Development of computational methodologies for the prediction and analysis of solid-state terahertz spectra

Damian G. Allis, Timothy M. Korter

Research output: Contribution to journalArticle

7 Scopus citations

Abstract

The analytical applications of terahertz (THz) spectroscopy for the characterization of molecular solids have been limited by the lack of information concerning the assignment of observed spectral features to specific internal (intramolecular) and external (intermolecular) atomic motions. Computational methodologies addressing the assignment of spectral data are the enabling technology for moving THz spectroscopy to the forefront of available detection methods for both imaging and spectroscopic applications. Solid-state density functional theory (DFT) studies have been performed on the high explosives cyclotetramethylenetetranitramine (HMX) and pentaerythritol tetranitrate (PETN) in order to address the dependencies of the predictions of solid-state vibrations in the terahertz (3 to 120 cm-1) region on the choice of basis set and integration grid size, building on previous work that examined this dependency on the choice of density functional. DFT THz simulations reveal that both the choice of basis set and grid size have important influences on the reproduction of spectral features. The sensitivity to basis set choice is most pronounced in the calculation of vibrational intensities, where it is found that THz absorption intensities are most accurately reproduced when derived from basis set-sensitive Mulliken atomic charges as opposed to basis set-insensitive atomic charges generated by the Hirshfeld partitioning method.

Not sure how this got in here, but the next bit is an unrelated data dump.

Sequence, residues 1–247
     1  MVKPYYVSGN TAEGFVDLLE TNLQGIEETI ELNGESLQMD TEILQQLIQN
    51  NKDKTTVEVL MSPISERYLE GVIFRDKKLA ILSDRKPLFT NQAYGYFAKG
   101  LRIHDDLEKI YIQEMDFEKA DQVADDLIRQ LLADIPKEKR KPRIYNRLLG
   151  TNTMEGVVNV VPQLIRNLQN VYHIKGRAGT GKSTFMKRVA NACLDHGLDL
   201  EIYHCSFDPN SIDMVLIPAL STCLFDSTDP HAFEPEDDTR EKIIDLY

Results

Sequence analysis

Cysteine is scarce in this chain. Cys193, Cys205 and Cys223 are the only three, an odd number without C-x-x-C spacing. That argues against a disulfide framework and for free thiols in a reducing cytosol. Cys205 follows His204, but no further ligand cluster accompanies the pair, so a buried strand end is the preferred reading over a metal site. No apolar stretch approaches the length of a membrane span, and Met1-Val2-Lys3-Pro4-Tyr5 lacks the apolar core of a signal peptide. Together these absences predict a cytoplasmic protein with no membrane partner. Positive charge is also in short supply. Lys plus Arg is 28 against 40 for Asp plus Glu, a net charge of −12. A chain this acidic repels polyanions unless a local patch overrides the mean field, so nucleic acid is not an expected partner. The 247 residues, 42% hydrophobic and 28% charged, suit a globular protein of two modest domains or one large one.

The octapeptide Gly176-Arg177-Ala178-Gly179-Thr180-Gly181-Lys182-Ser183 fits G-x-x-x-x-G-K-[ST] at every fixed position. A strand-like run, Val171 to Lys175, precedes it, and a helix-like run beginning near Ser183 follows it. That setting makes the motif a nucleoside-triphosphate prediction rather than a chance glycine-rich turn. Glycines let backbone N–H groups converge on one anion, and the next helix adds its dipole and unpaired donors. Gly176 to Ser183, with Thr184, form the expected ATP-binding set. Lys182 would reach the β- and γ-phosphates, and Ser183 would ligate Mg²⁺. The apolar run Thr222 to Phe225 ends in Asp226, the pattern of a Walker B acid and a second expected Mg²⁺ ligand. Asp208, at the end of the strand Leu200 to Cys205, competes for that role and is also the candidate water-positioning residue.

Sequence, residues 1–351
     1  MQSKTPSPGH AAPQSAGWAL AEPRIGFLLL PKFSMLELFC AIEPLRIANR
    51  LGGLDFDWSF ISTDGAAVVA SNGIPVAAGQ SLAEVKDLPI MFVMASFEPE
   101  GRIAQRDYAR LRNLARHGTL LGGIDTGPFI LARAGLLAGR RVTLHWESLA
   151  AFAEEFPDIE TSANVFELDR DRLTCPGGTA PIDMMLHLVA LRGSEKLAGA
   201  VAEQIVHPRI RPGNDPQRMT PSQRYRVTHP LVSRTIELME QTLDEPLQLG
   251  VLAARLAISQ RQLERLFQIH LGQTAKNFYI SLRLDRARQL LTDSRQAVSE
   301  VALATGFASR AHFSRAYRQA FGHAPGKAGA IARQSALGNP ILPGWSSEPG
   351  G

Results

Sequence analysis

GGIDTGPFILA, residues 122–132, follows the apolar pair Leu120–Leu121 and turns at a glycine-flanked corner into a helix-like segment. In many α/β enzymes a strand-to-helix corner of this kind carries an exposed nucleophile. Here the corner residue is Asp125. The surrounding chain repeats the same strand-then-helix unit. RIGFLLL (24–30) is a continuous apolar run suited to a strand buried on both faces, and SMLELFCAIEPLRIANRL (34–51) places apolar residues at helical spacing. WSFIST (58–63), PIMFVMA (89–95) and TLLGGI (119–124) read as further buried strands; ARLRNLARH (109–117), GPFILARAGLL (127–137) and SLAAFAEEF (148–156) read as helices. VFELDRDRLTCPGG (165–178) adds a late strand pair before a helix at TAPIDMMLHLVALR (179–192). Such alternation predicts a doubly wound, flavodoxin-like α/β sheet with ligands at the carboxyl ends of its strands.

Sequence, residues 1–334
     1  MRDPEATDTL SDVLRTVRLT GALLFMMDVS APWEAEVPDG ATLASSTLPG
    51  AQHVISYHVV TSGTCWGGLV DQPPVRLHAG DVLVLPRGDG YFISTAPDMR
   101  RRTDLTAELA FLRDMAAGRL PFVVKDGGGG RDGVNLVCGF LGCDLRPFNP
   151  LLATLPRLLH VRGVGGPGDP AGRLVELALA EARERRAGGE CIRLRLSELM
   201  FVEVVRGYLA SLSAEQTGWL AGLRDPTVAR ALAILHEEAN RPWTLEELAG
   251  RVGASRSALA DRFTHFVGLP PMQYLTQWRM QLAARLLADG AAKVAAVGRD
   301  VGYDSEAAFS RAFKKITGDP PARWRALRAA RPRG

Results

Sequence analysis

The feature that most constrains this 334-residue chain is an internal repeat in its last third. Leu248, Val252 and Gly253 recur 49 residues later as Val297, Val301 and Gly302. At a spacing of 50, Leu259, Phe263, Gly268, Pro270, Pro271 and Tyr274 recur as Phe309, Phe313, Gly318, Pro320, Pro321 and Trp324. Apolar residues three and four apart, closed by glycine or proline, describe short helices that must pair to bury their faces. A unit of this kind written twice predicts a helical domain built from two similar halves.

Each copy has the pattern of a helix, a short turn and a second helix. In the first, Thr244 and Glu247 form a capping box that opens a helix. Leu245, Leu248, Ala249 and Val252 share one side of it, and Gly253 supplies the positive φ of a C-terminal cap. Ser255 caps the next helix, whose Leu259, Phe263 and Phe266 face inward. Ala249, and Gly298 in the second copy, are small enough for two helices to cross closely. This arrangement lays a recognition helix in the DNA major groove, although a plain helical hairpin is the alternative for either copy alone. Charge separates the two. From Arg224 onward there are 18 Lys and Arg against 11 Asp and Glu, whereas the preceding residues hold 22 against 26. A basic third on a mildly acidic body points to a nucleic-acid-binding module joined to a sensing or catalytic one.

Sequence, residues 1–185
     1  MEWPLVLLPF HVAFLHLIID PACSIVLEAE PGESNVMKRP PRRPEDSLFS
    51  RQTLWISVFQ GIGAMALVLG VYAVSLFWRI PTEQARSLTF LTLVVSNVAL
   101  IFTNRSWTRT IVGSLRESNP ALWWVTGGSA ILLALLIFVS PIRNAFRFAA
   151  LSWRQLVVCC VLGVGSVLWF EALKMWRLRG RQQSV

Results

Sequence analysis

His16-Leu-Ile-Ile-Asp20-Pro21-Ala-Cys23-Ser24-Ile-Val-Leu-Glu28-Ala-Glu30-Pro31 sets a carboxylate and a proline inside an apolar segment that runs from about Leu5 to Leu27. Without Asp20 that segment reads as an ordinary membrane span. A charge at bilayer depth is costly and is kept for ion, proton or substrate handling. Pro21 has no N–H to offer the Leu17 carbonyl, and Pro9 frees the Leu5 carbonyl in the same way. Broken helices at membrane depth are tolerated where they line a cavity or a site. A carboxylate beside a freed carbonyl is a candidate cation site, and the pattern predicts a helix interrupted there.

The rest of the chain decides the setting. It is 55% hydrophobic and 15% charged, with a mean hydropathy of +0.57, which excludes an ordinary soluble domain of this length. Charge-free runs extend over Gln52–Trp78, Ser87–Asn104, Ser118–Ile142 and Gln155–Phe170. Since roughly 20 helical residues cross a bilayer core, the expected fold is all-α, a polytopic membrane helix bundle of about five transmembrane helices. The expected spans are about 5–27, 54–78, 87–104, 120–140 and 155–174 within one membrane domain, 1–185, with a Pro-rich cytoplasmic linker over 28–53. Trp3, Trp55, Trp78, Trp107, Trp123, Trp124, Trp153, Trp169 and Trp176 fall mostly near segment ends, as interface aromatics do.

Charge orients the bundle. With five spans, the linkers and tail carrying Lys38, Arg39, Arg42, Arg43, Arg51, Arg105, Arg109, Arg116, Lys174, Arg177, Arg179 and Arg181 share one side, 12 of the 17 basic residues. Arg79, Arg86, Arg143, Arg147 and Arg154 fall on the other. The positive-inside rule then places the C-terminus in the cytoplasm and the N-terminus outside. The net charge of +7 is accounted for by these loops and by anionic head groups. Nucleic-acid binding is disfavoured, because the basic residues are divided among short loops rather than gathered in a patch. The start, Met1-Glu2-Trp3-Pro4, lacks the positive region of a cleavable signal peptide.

Original languageEnglish (US)
Pages (from-to)193-212
Number of pages20
JournalInternational Journal of High Speed Electronics and Systems
Volume17
Issue number2
DOIs
StatePublished - Jun 1 2007

Keywords

  • HMX
  • PETN
  • Solid-state density functional theory
  • Terahertz spectroscopy

ASJC Scopus subject areas

  • Electronic, Optical and Magnetic Materials
  • Hardware and Architecture
  • Electrical and Electronic Engineering

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